Why the low-key White House, media response to pipe-bomb terrorism?

By Patrick Martin
9 May 2002

Luke John Helder, a 21-year-old college student, was arrested Monday outside Reno, Nevada after a four-day spree in which he planted 18 pipe bombs, all but one in rural mailboxes. He began in Illinois, a few hours’ drive from his apartment in Menomenie, Wisconsin, and proceeded through Iowa, Nebraska, Colorado, with an apparent side trip to Amarillo, Texas, before crossing Utah and Nevada.

The arrest was more the product of Helder’s own brazenness than of any special police effort. His father, Cameron Helder, a construction worker in Pine Island, Minnesota, became alarmed by a letter from his son that he received after the bombings began, and called the police. Helder’s college roommate also called to report finding black powder and pieces of pipe in the room they shared near the University of Wisconsin-Stout, a branch campus of the state university.

Helder sent a signed six-page letter to the Badger Herald, the daily newspaper for the University of Wisconsin-Madison, the main campus, outlining his motivation for the attacks and promising more of them. Six people were injured in the explosions, four of them rural letter carriers who picked up the bombs from mailboxes thinking they were collecting packages for mailing.

On Monday evening Helder made a cell phone call from Utah that revealed his location to the authorities. (The phone call raises questions about whether the Amarillo bombing was a copycat attack, since it would have been difficult for Helder to drive from Utah to Texas and then back to Nevada in the time available.)

On Tuesday morning, the FBI identified Helder in connection with the case and broadcast an appeal for him to turn himself in. Shortly afterwards, a passing motorist reportedly spotted a car answering the FBI’s description and notified the agency. FBI and Nevada state police pursued Helder at high speed, while contacting him on his cell phone through his father. The youth initially threatened to kill himself, but eventually surrendered.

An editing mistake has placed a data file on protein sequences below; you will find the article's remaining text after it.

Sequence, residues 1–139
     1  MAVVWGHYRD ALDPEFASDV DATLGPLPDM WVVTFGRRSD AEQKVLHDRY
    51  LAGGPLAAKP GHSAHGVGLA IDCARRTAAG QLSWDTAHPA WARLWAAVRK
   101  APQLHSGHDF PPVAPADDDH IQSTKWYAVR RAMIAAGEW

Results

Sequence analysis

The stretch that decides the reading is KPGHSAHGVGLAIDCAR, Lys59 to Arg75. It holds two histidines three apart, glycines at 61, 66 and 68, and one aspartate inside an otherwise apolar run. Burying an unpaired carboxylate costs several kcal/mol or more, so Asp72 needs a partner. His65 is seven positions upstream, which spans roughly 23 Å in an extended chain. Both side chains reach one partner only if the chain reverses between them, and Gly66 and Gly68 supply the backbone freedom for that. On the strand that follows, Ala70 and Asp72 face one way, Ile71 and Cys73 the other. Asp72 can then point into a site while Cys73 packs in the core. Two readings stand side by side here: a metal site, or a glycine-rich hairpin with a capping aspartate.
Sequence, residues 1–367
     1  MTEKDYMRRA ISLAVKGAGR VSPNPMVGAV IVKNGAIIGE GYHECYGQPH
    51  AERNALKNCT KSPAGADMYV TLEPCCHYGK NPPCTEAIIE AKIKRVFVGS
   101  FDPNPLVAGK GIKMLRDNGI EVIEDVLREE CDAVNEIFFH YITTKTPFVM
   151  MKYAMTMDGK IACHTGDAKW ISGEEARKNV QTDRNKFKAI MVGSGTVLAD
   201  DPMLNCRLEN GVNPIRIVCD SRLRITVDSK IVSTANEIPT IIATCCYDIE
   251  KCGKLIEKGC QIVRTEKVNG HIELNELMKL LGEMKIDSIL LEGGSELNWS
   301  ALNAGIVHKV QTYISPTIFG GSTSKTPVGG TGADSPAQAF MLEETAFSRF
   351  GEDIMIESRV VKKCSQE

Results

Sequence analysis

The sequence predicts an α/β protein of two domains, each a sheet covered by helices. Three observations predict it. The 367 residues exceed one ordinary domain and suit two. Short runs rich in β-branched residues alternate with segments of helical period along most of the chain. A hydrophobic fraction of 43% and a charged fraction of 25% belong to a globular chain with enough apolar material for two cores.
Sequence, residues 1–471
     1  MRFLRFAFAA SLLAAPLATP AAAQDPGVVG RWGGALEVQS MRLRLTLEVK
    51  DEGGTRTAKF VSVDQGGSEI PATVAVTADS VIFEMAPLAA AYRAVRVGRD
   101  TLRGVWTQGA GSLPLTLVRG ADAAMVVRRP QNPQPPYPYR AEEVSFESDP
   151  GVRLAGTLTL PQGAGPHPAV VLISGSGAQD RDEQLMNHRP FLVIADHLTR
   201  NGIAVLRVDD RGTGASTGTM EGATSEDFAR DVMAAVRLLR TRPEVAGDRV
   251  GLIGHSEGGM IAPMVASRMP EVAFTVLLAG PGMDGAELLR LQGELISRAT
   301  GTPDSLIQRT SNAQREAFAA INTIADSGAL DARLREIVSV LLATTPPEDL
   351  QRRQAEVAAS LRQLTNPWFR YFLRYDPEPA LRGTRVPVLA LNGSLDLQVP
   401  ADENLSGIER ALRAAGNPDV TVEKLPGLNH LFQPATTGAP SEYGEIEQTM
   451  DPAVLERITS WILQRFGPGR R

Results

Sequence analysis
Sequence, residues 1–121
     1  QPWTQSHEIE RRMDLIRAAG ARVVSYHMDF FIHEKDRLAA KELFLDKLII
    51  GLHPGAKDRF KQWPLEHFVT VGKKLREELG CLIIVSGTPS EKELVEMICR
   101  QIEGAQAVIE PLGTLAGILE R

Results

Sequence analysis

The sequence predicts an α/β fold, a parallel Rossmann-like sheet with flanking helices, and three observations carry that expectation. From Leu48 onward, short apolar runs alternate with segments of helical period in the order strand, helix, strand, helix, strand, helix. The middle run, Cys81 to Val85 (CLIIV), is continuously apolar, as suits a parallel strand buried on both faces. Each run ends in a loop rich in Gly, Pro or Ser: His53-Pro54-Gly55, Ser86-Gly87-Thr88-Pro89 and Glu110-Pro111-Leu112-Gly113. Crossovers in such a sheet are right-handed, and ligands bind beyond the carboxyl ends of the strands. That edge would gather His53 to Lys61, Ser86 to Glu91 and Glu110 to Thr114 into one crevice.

According to an affidavit filed the next day with the US District Court in Reno, Helder has admitted to making eight pipe bombs in his Wisconsin apartment, and 16 more at a motel outside Omaha, Nebraska, and planting all 18 that were found in a five-state area.

Remarkably, Helder was stopped three times by police during his four-day, 3,000-mile trek, twice for speeding and once for not wearing a seatbelt. Each time he was released without incident to continue planting bombs.

On the second day, May 4, Helder was stopped 12 miles outside of Albion, Nebraska, where a pipe bomb had been found in a mailbox. When police approached the car, Helder told them “I didn’t mean to hurt anybody.” The police told him he had been stopped for speeding, ticketed him, and allowed him to proceed.

As expressed in his letter to the Badger Herald, Helder’s confused views somewhat resemble those of Ted Kaczynski, the Unabomber, who espoused a fascistic outlook centered on opposition to modern technology and economic development. Helder denounced the government from the standpoint of individual rebellion, asking, “When 1 percent of the nation controls 99 percent of the nation’s total wealth, is it a wonder why there are control problems?”

The college student combined hostility to technology and “greed” with a mélange of mystical and New Age views—he described death as an “illusion” and expressed interest in “astral projection,” for instance. All his letters included threats of suicide. Helder now faces criminal charges in five states that could put him in prison for the rest of his life.

A fan of Nirvana lead singer Kurt Cobain, who died a suicide in 1994, Helder was once a member of a local grunge-metal band. He used the e-mail screen name “dirdjew” on the group’s web site, suggesting he shared the anti-Semitism that is a hallmark of right-wing militia groups in the US Midwest and Northwest.

One can only imagine the media firestorm and menacing pronouncements from Washington if Helder had been an Arab immigrant instead of a 21-year-old from small-town Minnesota, espousing “anti-government” rhetoric very similar to that of the right wing of the Republican Party.

The media reaction has been extremely mild, especially given the sensational nature of the crimes being committed. Once Helder was identified and arrested, the Washington Post described him as a “troubled 21-year-old art student” (no such characterization was made of any of the September 11 hijackers). The New York Times reported that no one was seriously injured in the explosions, although at least one letter carrier lost his hearing, and others had serious lacerations to the arms or face.

There were no nationally televised White House press conferences or nationwide alerts from the Office of Homeland Security. Tom Ridge, who heads the Bush administration’s domestic anti-terrorism campaign, did not even issue a statement on the case.

If Luke John Helder had been Iraqi, American warplanes would likely be on their way to Baghdad. But Helder did not fit with the Bush administration’s political agenda. Like Timothy McVeigh and Ted Kaczyinski, he is a homegrown product of the social and political crisis in the United States.